The Cincinnati Bengals are bringing back a familiar face to coach the offensive line.
Frank Pollack returns to the position he previously held with the Bengals in 2018 – now also adding the role of run game coordinator to his title. He was not retained when Marvin Lewis departed at the end of that season, and Zac Taylor brought in Jim Turner as his replacement.
Cincinnati parted ways with Turner this week following a 4-11-1 season in which Joe Mixon was the team’s leading rusher with 428 yards despite missing the final 10 games because of a foot injury.
“Frank will help us make great strides in the run game and protections,” Taylor said in a press release issued by the team. “He brings great technical skills in player development and his familiarity with some of our current offensive linemen will allow him to get to work right away. We interviewed several strong candidates to get the best outcome for our team. I am excited about the experience Frank brings to our offense.”
Pollack, 53, spent the last two seasons with the struggling N.Y. Jets (2-14), who were last in the league in scoring offense and net offense and 23rd in rushing this season, but Pollack was well-liked in the Bengals locker room before his departure.
Under Pollack’s direction in 2018, Cincinnati’s offensive line ranked 11th in the NFL in fewest sacks allowed per game (2.3), while also paving the way for Mixon to log career-highs in rushing yards (1,168), average yards per attempt (4.9) and rushing touchdowns (eight).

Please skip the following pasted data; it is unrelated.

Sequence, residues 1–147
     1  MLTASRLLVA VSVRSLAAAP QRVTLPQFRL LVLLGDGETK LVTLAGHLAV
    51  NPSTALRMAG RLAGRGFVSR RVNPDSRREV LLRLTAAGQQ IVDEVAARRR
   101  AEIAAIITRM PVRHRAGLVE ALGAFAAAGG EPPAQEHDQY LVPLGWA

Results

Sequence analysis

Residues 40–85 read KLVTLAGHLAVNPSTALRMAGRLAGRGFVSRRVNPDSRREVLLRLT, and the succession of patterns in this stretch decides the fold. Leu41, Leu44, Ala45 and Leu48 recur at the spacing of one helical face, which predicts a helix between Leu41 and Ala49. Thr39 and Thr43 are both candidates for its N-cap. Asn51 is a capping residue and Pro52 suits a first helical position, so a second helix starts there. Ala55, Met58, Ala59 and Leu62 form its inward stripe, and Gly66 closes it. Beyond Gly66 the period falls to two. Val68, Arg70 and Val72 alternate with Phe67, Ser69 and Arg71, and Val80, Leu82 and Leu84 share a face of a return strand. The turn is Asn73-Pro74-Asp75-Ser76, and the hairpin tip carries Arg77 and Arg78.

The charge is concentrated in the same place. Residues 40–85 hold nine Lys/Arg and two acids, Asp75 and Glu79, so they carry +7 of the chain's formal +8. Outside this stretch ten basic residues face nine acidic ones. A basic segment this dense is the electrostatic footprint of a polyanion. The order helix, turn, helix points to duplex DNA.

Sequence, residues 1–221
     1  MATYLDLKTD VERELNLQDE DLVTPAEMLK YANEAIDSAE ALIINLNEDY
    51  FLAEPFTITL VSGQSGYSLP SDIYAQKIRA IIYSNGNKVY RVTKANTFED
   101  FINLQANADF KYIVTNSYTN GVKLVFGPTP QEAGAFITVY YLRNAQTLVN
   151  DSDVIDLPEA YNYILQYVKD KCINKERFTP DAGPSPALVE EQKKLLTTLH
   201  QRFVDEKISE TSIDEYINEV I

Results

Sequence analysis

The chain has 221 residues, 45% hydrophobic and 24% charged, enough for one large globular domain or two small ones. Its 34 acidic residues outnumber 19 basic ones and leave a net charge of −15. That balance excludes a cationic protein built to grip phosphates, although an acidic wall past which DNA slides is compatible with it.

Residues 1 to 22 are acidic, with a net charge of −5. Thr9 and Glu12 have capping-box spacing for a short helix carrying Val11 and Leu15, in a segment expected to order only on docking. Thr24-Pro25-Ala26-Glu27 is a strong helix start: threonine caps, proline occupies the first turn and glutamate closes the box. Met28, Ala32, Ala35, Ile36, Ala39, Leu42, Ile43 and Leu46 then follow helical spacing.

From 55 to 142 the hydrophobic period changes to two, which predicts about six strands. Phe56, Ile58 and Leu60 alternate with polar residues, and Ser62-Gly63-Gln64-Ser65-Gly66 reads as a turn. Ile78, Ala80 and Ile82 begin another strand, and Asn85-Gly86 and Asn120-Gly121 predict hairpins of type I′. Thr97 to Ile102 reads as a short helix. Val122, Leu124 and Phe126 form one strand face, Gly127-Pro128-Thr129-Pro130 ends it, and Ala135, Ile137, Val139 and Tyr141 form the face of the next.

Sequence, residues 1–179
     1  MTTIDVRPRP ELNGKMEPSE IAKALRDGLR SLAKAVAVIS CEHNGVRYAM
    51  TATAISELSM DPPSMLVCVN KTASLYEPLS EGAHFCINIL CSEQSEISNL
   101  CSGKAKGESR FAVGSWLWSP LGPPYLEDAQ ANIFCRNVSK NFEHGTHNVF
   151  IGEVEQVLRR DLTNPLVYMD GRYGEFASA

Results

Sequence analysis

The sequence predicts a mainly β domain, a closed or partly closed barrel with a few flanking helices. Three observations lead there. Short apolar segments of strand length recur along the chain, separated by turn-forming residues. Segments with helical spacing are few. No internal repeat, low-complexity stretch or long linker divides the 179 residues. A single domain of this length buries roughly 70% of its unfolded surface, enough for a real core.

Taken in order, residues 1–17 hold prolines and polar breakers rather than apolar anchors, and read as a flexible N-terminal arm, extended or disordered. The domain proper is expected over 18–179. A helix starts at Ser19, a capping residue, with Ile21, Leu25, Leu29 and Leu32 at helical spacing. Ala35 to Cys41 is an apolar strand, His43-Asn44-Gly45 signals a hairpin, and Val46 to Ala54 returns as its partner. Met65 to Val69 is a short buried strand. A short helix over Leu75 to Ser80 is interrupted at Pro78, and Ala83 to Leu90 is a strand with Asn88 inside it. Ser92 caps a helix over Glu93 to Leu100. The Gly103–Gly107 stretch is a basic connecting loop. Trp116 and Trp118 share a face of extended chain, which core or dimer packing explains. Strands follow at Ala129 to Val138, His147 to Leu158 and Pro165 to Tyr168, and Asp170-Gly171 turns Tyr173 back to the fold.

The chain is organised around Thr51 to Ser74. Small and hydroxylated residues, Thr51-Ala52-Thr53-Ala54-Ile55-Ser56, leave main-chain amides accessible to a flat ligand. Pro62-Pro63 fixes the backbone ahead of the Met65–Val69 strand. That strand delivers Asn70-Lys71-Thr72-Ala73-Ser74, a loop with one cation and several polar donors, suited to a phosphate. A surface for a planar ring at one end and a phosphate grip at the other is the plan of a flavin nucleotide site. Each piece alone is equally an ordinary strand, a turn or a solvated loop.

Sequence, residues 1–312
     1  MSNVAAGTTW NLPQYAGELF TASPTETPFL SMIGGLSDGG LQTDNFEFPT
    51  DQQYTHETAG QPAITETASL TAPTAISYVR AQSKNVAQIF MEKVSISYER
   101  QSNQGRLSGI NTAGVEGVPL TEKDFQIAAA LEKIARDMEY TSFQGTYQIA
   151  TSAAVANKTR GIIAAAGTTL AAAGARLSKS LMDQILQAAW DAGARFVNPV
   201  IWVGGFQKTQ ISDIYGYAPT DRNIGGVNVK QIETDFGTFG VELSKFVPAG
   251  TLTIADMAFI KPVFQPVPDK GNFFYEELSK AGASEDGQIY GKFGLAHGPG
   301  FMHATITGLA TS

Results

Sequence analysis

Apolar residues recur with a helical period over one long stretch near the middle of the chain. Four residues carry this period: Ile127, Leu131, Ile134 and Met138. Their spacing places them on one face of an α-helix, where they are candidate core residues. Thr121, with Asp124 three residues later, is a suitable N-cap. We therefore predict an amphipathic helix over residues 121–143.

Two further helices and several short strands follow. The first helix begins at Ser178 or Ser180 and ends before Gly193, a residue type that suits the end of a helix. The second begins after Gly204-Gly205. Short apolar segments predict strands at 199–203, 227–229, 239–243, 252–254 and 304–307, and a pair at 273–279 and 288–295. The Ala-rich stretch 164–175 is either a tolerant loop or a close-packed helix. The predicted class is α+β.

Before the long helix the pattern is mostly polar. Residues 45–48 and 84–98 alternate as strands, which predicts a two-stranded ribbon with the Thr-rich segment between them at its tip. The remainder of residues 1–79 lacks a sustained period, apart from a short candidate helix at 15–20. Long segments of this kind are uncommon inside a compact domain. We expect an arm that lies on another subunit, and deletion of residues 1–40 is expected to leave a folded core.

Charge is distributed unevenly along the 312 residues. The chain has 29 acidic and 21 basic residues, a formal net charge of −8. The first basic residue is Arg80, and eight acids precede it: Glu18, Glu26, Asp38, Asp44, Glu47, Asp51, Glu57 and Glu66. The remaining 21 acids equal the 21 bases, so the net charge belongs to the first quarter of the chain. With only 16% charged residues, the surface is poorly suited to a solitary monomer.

“I am super excited for Coach Pollack to be back,” Mixon said in the release. “He’s proven he’s the best in the business. There are a lot of records to be broken. I’m looking forward to getting back on the field and getting to work.”
Center Trey Hopkins called Pollack a “high-energy guy.”
“We’re excited to work with him again,” Hopkins said in the release. “We know the kind of work he expects and the kind of results we can achieve. He demands a lot and is very clear with his instructions. He is a great coach to play for.”
Turner, one of Taylor’s first hires to his staff in 2019, came in with a cloud of controversy for his involvement in a 2013 bullying scandal while on staff with the Miami Dolphins, but Taylor defended the decision amid his desire to bring a culture surrounded by character and accountability, noting him to be a “great person, great human” and someone he trusted.
Taylor was on staff with Turner in Miami from 2012-13 and the two previously worked together at Texas A&M from 2008-11. The new Bengals head coach also had hired Turner to join him at the University of Cincinnati in 2016 when Taylor was offensive coordinator, which was Turner’s first coaching job since the Miami incident, but Turner left for A&M after two weeks. The Aggies kept him on board – despite a three-game suspension for showing offensive slides in a PowerPoint -- right up until his decision to leave for the Bengals job.
This season, the Bengals finished 29th in scoring offense (19.4 points per game) and net offense (319.8 yards per game) and ranked 24th in rushing yards (1,668) and 28th in sacks allowed with 48.
Asked Monday how he assessed Turner’s job the past two seasons, Taylor remained positive.
“I thought that they had some really good moments and I think Jim is a really good football coach,” Taylor said. “When your record is what your record is nothing was ever good enough. We have to continue to evaluate all of the players and everything. Those guys had some good moments and some moments where we’ve got to improve. That goes for this whole football team.”